Colin Hoult’s been tinkering with this for a while, presenting bits and pieces in various different forms over the past few years. Declaring that the time is finally right, he’s offering his Real Horror Show as the finished article, an evening of loosely linked theatrical horrors with a jugular vein of Hoult’s character comedy running through them. It still doesn’t feel finished, truthfully, but there’s an infectious love for the genre running through it, and even a few surprising moments of genuine fear.
That ‘Real’ in the title turns out to be all important, because although there are nods aplenty to the history of horror cinema, Hoult’s shock-show plays out against a backdrop of class division and benefit cuts. The villain of the piece is a Murdoch-like media baron, who’s tendrils seem to creep into each of the short vignettes. It’s not political horror exactly, but Hoult is clearly interested in the grim consequences of real life inequality and inhumanity.
The stories take in a Hostel-style torture lounge, where criminals are mutilated by the paying public, a job interview that takes an extremely dark turn (literally) and an encounter between a comic book fan and a job restart officer. One of them, a tense confrontation in an abortion clinic waiting room, is barely horror at all, yet Hoult manages to create an atmosphere of menace and unknown threat that ties it into the evening’s weird tone.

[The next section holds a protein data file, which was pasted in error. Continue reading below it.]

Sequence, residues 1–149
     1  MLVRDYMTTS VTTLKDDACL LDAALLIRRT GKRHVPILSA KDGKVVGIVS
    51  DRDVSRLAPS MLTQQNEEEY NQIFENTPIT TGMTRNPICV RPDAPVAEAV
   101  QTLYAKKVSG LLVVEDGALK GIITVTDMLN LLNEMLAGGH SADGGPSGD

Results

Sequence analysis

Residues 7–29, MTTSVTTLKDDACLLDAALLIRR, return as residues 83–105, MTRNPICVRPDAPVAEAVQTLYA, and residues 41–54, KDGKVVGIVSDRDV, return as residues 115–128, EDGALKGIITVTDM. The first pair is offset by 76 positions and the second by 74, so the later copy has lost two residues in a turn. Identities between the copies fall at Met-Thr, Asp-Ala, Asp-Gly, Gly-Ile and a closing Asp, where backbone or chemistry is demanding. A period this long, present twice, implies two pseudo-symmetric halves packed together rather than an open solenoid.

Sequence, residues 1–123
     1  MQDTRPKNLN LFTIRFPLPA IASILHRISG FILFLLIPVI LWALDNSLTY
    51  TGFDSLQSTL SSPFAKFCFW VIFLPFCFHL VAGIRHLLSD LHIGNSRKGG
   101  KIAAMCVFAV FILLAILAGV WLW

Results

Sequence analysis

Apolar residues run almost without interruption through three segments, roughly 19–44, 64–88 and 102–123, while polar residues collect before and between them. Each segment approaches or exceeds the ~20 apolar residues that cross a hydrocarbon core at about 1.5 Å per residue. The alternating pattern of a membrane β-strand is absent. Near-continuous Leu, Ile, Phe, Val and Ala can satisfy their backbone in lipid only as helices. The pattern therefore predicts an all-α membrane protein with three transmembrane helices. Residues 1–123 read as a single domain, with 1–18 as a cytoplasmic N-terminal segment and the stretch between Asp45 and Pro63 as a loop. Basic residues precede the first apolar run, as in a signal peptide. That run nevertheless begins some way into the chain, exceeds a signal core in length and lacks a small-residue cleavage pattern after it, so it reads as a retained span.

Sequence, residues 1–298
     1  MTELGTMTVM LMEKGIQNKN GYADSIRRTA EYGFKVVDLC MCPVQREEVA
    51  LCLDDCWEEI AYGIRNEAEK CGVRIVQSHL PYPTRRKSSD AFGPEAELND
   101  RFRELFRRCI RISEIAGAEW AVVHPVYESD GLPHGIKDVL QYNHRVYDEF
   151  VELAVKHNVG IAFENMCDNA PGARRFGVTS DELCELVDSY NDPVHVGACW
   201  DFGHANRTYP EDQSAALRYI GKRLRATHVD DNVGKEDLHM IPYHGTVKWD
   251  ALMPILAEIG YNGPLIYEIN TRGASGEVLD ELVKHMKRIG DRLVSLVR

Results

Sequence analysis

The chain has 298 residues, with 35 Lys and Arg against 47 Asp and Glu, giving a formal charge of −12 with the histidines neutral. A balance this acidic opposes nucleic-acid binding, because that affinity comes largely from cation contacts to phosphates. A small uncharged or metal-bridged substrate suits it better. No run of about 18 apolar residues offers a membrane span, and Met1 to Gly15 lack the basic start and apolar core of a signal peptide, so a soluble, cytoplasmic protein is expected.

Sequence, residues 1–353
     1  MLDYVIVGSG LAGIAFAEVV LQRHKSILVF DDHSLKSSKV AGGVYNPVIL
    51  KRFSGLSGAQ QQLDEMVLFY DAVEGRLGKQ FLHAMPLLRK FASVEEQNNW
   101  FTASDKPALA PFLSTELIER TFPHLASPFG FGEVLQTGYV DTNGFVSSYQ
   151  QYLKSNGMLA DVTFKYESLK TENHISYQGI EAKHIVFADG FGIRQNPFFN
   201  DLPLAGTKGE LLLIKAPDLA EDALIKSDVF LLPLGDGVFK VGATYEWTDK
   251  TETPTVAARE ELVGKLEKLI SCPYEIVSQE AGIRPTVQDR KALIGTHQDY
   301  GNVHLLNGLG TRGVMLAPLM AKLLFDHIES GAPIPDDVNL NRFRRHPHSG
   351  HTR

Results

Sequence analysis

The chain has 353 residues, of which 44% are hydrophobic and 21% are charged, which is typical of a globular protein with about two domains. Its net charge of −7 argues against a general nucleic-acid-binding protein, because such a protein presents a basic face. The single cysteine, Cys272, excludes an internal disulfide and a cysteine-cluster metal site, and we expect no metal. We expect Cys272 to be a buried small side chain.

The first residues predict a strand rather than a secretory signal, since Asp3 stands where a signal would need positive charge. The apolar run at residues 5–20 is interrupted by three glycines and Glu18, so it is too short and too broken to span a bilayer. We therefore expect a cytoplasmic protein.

It is properly weird, and not always in the way you’d imagine. It’s ostensibly set on Christmas eve, and there’s a sickly, chocolate wrapper glaze over everything. It’s difficult to put into words, but the tone is somewhere between the darker moments of The League of Gentlemen and the lighter moments of Chris Morris’ Jam. It’s not exactly surreal, just slightly demented and unpredictable. The shakiness of the presentation adds this feeling of unease; combined with Hoult’s unpredictable energy it means that the terms of engagement are never made entirely clear. When the auditorium is plunged into total darkness it’s genuinely unnerving, you’re aware that anything could happen to you, and that it may not be particularly safe when it does.
Compared to the frenetic Characthorse, Hoult’s performance here is almost restrained, and he’s assembled a solid cast to flesh out his creepy tales. There’s a particularly chilling turn from Exeunt’s own Matthew Floyd Jones, who manages to make a roll of Sellotape quite unsettling. It feels loosely rehearsed, which occasionally leads to severe problems with pacing, but also fosters a playful atmosphere – it’s clear Hoult is relishing letting his hair down and trying something a little spiky.
Real Horror Show is pretty scrappy for something commanding a full-price ticket, with a mid-run performance that feels distinctly like a preview, but there are enough strong ideas and outbursts of ghoulish mayhem to keep the cauldron bubbling. The fragments of political engagement scattered throughout it are suggestive of something more, though, and it can only be hoped that Hoult will continue beavering away on this flawed but intriguing horror show.